16. L'industrie aérienne pique du nez Les hausses importantes du prix du carburant, ces derniers mois, font mal à l'industrie aérienne mondiale, qui traverse une véritable crise. Un Boeing 777 New Livery arborant le nouveau logo de Delta Air Lines Vendredi, l'industrie aérienne américaine a publié une étude qui prévoit une vague de faillites importante parmi les transporteurs aériens des États-Unis si les prix du carburant demeurent aussi élevés. L'analyse de l'industrie aérienne commerciale américaine, effectuée par Airline Forecasts et Business Traveller, estime que la flambée des prix du carburant engendrera des hausses de coûts de 30 milliards de dollars américains pour l'industrie aérienne aux États-Unis alors que sa capacité d'augmentation des frais aux voyageurs excède à peine 4 milliards de dollars. Réductions de personnel et de vols au menu Pendant ce temps, à New York, le transporteur aérien US Airways annonçait une nouvelle série de mesures d'économies, qui comprend une réduction de 6 % à 8 % de ses vols intérieurs, qui se traduira par au moins 1700 mises à pied au sein de son personnel. La situation est pire encore chez Delta Air Lines, qui a annoncé vendredi qu'il prévoyait doubler le nombre de mises à pied annoncées au mois de mars dernier pour faire face à la crise qui mine les performances économiques de l'entreprise. La compagnie aérienne a offert dernièrement un programme de départ volontaire à plus de la moitié de ses 55 000 employés. Craintes en Europe La situation n'est guère mieux en Europe, où plusieurs compagnies aériennes, telles que KLM, Air France, Lufthansa et Austrian Airlines en sont à leur seconde augmentation de la surcharge pour carburant qu'elles imposent à leurs passagers. Comme en Amérique, plusieurs transporteurs européens se voient obligés de réduire leur nombre de vols ou carrément de déclarer faillite. Selon la directrice générale d'Air France Canada, Bénédicte Duval, citée par la Presse canadienne, l'industrie doit s'attendre à ce que la situation actuelle entraîne une vague de faillites, de fusions-acquisitions et de consolidations. Au moins 28 compagnies aériennes sont disparues dans le monde au cours des six derniers mois, a rapporté pour sa part Jean-Marc Eustache, président et chef de la direction du transporteur montréalais Transat. Les transporteurs canadiens ne sont pas épargnés Bien que chez Transat la situation ne soit pas catastrophique dans l'immédiat, selon la Presse canadienne, Jean-Marc Eustache a néanmoins évoqué, jeudi, lors d'une téléconférence sur les résultats du deuxième trimestre, une éventuelle réduction de la taille de l'entreprise si la situation ne se stabilise pas. Les bénéfices de Transat ont en effet diminué de 24,4 % au deuxième trimestre 2008 par rapport au deuxième trimestre de 2007. Chez Air Canada, le transporteur impose depuis mai des suppléments carburant sur tous ses vols intérieurs et internationaux pour tenter d'éponger les coûts du carburant. Selon le secrétaire général se l'Organisation de l'aviation civile internationale, chaque hausse de 1 $US du prix du baril de pétrole brut sur les marchés se traduit par des coûts additionnels de 1,6 milliard de dollars américains pour l'industrie aérienne mondiale. http://www.radio-canada.ca/nouvelles/Economie-Affaires/2008/06/13/003-crise-indutrie-aerienne.shtml?ref=rss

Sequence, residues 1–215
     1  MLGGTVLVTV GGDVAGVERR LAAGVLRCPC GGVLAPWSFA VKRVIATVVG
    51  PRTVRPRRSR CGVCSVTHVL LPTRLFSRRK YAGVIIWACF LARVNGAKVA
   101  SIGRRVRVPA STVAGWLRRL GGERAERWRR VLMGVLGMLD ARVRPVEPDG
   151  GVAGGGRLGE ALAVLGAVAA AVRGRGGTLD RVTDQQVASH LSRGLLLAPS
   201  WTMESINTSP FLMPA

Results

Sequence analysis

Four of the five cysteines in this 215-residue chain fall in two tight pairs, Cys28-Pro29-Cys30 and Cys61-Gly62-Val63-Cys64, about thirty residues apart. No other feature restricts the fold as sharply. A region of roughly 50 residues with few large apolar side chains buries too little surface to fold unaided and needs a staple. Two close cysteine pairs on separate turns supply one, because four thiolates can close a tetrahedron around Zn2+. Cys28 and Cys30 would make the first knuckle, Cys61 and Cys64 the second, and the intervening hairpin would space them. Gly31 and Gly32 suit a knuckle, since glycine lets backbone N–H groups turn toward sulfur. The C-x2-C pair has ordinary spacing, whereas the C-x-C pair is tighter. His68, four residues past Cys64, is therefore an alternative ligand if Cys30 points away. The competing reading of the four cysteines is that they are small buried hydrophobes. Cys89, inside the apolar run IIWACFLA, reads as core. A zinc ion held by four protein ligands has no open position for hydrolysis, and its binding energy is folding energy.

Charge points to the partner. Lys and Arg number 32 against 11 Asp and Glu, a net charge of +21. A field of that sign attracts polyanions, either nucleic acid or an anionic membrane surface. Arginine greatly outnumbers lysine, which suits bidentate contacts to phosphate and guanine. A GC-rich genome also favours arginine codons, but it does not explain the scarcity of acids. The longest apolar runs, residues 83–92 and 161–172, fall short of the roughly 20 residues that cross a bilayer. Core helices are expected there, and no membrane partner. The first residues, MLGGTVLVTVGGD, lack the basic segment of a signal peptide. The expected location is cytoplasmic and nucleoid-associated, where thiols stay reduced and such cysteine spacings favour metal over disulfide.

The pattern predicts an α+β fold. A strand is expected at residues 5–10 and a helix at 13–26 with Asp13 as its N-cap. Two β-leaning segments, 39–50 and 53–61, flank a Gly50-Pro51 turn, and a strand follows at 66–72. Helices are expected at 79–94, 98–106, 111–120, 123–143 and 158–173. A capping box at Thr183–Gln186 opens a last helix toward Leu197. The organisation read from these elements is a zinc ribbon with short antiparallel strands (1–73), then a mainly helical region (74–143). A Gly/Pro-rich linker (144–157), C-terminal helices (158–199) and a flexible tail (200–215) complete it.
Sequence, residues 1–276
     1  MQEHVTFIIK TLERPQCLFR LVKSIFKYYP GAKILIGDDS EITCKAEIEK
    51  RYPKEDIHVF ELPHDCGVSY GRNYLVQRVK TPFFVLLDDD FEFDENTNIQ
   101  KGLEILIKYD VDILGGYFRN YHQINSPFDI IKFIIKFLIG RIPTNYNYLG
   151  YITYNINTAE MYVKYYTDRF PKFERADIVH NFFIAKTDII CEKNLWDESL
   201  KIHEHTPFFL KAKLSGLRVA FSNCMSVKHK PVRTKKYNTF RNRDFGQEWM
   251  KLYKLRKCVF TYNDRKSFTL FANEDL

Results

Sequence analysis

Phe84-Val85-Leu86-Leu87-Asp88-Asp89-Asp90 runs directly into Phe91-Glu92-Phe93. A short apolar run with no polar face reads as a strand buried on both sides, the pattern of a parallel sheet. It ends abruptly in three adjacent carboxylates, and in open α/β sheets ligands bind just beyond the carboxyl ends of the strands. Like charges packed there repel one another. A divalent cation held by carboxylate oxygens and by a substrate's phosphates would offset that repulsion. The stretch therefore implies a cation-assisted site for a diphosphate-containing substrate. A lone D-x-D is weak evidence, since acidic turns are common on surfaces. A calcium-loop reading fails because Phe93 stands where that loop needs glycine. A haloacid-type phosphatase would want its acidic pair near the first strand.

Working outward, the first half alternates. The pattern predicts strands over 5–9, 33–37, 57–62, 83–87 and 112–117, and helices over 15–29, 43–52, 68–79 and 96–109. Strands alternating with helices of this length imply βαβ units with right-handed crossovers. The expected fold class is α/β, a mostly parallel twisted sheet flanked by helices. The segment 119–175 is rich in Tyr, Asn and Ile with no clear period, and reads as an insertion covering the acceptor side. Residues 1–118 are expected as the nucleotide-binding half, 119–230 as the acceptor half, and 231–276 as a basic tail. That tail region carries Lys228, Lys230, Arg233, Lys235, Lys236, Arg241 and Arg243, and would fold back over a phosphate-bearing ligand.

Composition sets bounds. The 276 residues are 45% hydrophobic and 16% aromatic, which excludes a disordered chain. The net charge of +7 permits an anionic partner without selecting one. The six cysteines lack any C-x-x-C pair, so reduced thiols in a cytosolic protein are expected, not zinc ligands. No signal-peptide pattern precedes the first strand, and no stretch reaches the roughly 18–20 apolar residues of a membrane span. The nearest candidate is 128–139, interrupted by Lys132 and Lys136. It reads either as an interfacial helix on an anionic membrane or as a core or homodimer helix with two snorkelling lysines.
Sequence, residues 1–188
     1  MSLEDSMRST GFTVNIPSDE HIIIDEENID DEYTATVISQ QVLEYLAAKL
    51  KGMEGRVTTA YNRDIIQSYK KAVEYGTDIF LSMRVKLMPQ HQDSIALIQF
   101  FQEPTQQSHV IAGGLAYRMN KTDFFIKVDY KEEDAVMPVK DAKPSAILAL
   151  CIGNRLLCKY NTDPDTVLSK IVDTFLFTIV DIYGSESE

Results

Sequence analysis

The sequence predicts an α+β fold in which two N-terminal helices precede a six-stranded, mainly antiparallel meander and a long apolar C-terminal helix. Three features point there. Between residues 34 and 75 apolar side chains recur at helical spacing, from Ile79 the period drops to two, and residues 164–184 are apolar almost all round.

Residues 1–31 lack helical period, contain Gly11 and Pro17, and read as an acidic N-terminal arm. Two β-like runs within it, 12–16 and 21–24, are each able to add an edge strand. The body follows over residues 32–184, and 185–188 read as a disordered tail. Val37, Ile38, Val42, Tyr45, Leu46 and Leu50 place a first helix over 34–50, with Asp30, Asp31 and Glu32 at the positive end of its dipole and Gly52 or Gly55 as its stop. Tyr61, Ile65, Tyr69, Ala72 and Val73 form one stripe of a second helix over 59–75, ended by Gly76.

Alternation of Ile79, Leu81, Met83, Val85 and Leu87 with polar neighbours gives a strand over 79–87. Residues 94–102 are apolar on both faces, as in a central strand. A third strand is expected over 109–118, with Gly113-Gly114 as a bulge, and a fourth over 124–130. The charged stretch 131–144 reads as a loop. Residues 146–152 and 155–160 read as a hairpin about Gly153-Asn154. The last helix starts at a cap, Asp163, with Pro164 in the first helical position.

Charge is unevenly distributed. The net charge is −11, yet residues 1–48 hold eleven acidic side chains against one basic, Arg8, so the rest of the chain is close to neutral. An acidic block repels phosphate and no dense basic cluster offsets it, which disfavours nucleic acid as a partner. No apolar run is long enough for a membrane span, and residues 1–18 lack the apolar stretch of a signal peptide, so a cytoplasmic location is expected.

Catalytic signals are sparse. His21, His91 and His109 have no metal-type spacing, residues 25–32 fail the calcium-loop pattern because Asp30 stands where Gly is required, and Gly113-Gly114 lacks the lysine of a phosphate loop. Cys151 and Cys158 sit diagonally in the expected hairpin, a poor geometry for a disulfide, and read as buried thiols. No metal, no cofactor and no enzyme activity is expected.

17. Québec investit 55 millions de dollars dans le réseau de la Société des établissements de plein air du Québec (SEPAQ). Pour en lire plus...